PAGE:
In the first years of the 21st century cognitive neuroscience research has drawn attention to 2 interesting phenomena: that rather than being 2 separate systems, the rational brain and the emotional brain are interdependent and specialize in different type of activities. The rational brain (cortex) which is the youngest system in evolutionary terms operates in the long term type decisions where there is time to collect evidence. The emotional brain which is in the limbic system (brain stem, amygdale) had hundreds of millions of years to evolve and is exquisitely refined to be able to make snap decisions on the basis of very little information. Further, even in the rational decision making, emotional input is critical. In fact, without it as Jonah Lehrer says the brain cannot make up its mind . These new developments in neuroscience have brought us a new branch of neuromarketing which finally puts the last nail in the coffin of the rational consumer . Neuroimaging studies found, for example that cigarette warnings instead of scaring the consumer by providing risk information had in fact stimulated an area of the brains called the nucleus accumbens ( the craving spot ). In fact not only did they encourage instead of discouraging the consumer to smoke, when asked about the effect of the warning labels smokers checked off yes when they were asked if warning labels worked. Thus neuroscience ushers in a whole new revolution in the understanding of human reasoning and action and their relationship to emotion. In what sense can we speak about the "consumer author"? Could you illustrate that concept? The consume-author is a concept coined by Francisco Morace (in a book by that name) from the Milan based trend research agency Future Concept Lab. According to FCL analysis the backlash against mass consumption has caused a backlash which is expressed in a return to basics and a preference for creative goods (like craftsmanship objects) or at least ones in which the consumer has an input either in the form of part designing them (customization of fashion products one buys online) or in participating in activities that create them (from cooking demonstrations at concept stores, to open source products where the users are part of the production team). This is part of what FCL calls the Third Renaissance of the market: a revival of Humanist values expressed in creativity and relational goods Your ideas related to Sustainable Fashion are very interesting in a society where consumption increases more and more. How do you imagine the futu re? In my observation the ethical trend of which sustainability is just one of the key concepts is fast developing into a new landscape which comprises a few businesses that are truly ideological and the ethical mindset is part of their DNA, companies which truly embrace some aspects of the ethical mix (for example: organic cotton, or producing some ranges with fair trade monitored producers) but many other aspects do not participate in the ethical game, and companies the majority which would follow the compliance route (they will do whatever is legal, or avoid illegal moves) rather than the voluntary initiative, and even then their actions are characterized by more words than actions (greenwashing) and damage control(if a story breaks out that makes them look bad, try to remedy issues around that. This happens when it transpires that their production plant employ child labour, inhuman conditions ,etc). And while my big issue is the missed opportunity to address other core issues closer to home (from animal welfare in the use of leather, fur, plums and wool, to the kind of role model a company s publicity helps to promote) the problem with sustainability is paradoxical. On the one hand no big changes on the production side can be affected without systemic action. Making certain practices illegal (for example contract plants where people s lives and liberties are threatened, or using toxic chemical in dyes or cosmetics that compromises workers and consumers health) is the only way to create a soci l change. a Without such legislation ethical fashion will remain in the margins. On the other hand, unless social consumption habits change (reduced consumption) dramatically, our finite resources will be depleted and we will need to look for a few more planets to satisfy our global consumers needs. Reducing consumption, and not the greening of our current production practices this is what will make our consumption sustainable . When you talk about ethic s in fashion you have mentioned "manufactured cosmetics ". Could you give us some examples?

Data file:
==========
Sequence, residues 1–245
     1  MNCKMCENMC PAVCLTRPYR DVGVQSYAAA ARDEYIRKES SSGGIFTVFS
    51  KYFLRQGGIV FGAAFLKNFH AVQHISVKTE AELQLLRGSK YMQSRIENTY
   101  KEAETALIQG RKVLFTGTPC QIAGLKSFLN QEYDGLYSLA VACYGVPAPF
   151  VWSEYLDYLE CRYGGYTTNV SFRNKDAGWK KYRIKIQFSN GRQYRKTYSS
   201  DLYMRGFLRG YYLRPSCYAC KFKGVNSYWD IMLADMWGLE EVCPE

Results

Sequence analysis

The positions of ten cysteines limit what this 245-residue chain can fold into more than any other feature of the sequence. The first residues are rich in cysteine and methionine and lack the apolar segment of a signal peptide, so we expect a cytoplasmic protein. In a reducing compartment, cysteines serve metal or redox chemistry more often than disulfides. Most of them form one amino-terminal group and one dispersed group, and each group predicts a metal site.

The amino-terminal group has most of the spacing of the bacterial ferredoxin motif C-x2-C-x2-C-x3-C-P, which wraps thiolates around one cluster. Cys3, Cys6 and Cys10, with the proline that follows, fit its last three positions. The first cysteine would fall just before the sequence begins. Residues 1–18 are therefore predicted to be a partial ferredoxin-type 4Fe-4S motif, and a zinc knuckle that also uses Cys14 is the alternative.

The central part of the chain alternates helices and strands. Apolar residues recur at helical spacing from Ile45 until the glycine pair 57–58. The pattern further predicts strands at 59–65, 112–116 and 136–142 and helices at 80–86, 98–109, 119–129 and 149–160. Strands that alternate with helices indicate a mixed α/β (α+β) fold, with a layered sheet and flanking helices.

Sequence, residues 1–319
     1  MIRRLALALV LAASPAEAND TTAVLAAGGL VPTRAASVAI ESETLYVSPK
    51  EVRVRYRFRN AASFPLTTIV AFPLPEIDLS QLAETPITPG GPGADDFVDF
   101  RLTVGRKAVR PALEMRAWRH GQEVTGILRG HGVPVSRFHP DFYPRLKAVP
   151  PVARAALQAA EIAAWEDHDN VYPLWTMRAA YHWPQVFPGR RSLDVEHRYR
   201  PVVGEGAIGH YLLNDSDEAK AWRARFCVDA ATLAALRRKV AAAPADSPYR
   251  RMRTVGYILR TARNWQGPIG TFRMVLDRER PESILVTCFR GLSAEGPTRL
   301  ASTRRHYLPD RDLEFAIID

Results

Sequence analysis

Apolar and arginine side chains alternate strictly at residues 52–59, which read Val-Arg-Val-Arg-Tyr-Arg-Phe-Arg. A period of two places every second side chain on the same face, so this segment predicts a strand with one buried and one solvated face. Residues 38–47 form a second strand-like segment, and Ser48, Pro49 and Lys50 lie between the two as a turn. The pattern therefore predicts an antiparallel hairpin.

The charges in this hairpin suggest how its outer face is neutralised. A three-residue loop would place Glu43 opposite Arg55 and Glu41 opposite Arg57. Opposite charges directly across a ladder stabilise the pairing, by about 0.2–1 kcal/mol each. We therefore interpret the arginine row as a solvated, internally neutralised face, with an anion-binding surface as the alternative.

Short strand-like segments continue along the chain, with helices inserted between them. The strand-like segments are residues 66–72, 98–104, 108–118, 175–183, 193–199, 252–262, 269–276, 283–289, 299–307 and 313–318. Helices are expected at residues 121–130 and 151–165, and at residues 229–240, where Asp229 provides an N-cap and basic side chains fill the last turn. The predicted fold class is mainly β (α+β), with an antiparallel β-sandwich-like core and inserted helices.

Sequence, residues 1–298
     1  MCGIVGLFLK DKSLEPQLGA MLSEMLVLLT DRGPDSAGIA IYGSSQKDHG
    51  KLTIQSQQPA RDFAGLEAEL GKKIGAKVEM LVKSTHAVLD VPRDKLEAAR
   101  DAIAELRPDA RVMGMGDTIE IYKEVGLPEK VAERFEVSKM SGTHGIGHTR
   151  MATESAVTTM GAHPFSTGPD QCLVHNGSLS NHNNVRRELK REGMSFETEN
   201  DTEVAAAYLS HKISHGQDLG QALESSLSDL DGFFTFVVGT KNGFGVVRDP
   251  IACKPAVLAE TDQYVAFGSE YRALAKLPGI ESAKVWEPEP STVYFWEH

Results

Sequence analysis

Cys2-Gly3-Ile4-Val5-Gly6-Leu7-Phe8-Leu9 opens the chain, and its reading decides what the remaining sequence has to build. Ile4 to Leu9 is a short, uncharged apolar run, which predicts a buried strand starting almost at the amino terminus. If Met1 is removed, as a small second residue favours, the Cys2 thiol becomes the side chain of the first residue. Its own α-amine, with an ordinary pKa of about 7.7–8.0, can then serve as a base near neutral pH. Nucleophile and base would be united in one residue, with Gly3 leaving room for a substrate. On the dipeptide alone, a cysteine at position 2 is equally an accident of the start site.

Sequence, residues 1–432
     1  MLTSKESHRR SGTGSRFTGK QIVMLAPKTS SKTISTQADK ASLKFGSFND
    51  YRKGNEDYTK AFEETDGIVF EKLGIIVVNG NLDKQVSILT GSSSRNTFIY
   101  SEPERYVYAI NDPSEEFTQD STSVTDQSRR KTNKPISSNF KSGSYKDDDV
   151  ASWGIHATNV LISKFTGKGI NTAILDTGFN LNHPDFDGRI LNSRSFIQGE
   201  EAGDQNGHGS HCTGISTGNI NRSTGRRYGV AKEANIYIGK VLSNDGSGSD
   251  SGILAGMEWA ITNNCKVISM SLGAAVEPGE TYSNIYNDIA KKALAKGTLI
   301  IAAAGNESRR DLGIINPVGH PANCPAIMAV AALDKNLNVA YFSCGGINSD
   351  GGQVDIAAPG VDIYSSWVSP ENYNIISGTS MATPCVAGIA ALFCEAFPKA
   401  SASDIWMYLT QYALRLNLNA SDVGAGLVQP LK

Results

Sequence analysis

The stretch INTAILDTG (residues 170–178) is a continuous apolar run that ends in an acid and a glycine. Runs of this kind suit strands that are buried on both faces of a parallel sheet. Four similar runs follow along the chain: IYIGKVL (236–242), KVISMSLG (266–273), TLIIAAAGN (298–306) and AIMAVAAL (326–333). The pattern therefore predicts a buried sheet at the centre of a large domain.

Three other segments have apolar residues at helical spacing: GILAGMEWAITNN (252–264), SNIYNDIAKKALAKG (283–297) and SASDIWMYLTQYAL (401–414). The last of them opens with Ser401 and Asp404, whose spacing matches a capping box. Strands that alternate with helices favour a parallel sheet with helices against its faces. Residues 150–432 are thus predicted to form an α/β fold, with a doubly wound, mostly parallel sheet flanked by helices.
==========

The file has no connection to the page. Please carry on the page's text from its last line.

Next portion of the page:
It is perhaps rather unexpected, hence unsuspected that beauty products that are designed to improve, enhance and decorate are actually hidden threats. This applies also to those products that are styled as organic , natural or containing some good plant based ingredients. To increase shelf life, for example, most use petrochemicals: ingredients that are derived from petrol, and other hazardous chemicals all of which are linked to cancer, hormone disruption and allergic reactions. Often the nice scent of perfumes or other personal care products is produced as far from the field as possible: in the lab, asStacy Malkan, cofounder of the Campaign for Safe Cosmetics details in her book Not Just a Pretty Face: The Ugly Side of the Beauty Industry . Other studies are listed on the website ofthe American NGO Environmental Working Group whose database show the results of testing toxicity of thousands of personal care and make up products. It shows that almost all high street brands contain unsafe ingredients. And the industry s habitual defence that unsafe depends on quantities is somewhat misleading as even baby products contain them, and their effect is cumulative. Studies by EWG and the NGO health Canada show that toxic ingredients start accumulating in babies and children. In 2009, The Endocrine Society of the US did a thorough review of the influence of the chemicals of very low doses. They found that can disrupt key processes in the body in ways that contribute to many chronic diseases. And while the regulatory situation is better in Europe than in the US - there are very few companies (like German products Weleda and Dr. Hauschka) whose ingredients are wholly natural no toxins attached. Do you think some representation of women in advertisements could be considered under the umbrella ethical fashion ? Or What do you think about this statemen t? <<As one feminist writer commented "In virtually all rock videos, the female body is offered to the viewer purely as a spectacle, an object of sight, a visual commodity to be consumed" (Quote from Bordo 1993, published in "Fashion images and the struggle for womens identity", Diana Crane, University of Chicago Press, 2001). This is a very good point. Issues of representations have been embraced by ethical fashion advocates and activists in a very selective way which focuses mostly on conduct of third party in faraway places. This appears an effective way of pushing the debate away from the core issue where change is neither invited nor welcomed. This areas include toxic cosmetics a sensitive point for the multibillion cosmetics lobby, animal welfare (that addresses both the exploitation of animals for our very basic products, but also their well being and conditions of rearing, as well as treatment of wildlife like the annual brutal massacre in Canada of some half a million young of the most magnificent of mammals: baby seals). Th ese are neglected issues on the production side. On the consumption side, the being complicit with promoting toxic ideals of perfection defies the efforts of some fashion brands and houses to engage with the full range of ethical aspects. The use of thin models, the photoshopping of models adverts hold up an unhealthy and dangers models of flawless beauty that creates what Susie Orbach calls an epidemic of body hatred among increasingly younger girls. There is one Israeli high end fashion label who addresses this head-on: this is the truly ideologically committed feminist label Comme-il-faut. Israel is also set to be the first country where photoshopping of models, and using people thinner than BMI lower than the minimum are to be banned by law. The photoshop law has already passed its most stringent hurdle in the parliament, and 2 more sets of approval, which mostly technical need to be affected. However, globally, trends in body perfection have a big following in cosmetic procedures. Changing that landscape is a tide that will need bigger dams than a mere law. Tiny skirts paired with enormous boots; winter coats and legs bare to the thighs; a week's wages paid out for fashion shoes or bags that will be outdated by next year; wardrobes crammed with expensive clothes that are not worn (or other examples that are more relevant) -- these things make (women's) fashion seem like a completely irrational pursuit. Do you agree?

Fashion has certainly been associated with women as a form of feminine pursuit which historically served as a way of deflecting lack of political power. It has acquired undertones of futility, vanity and trivialization. As for irrationality: first, as I have argued above, the notion of the rational consumer is an unhelpful (and now scientifically incorrect) myth. Secondly, it seems totally rational to capitalize on whatever powers one can legitimately lay claim to. Political wives may not have influence on policy but the likes of Michelle Obama, Samantha Cameron and the new royal bride of the UK prove to be an asset to promoting their national fashions. What they are seen wearing sells out almost immediately. In economic terms this is real power. Interview conducted by Adela Lo Celso Professor at Universidad Austral Argentina

* EfratTselon is chair of fashion theory at the School of Design University of Leeds and the editor of the journal Critical Studies in Fashion and beauty published by Intellect books. A social psychologist (PhD from Oxford 1989) she has authored The masque of femininity (1995), Masquerade and identities (2001) and many articles on the cultural meaning and experience of body, personal appearance, visual identities and representations. She has pioneered research methods privileging the accounts of clothing wearers of their day to day clothing choices and experiences, laying the ground to wardrobe research . Wardrobe research moved the agenda that dominated research on fashion in the 70s and 80s from focus on fashion to clothing , and from occasion dressing or stereotyped looks to everyday dressing .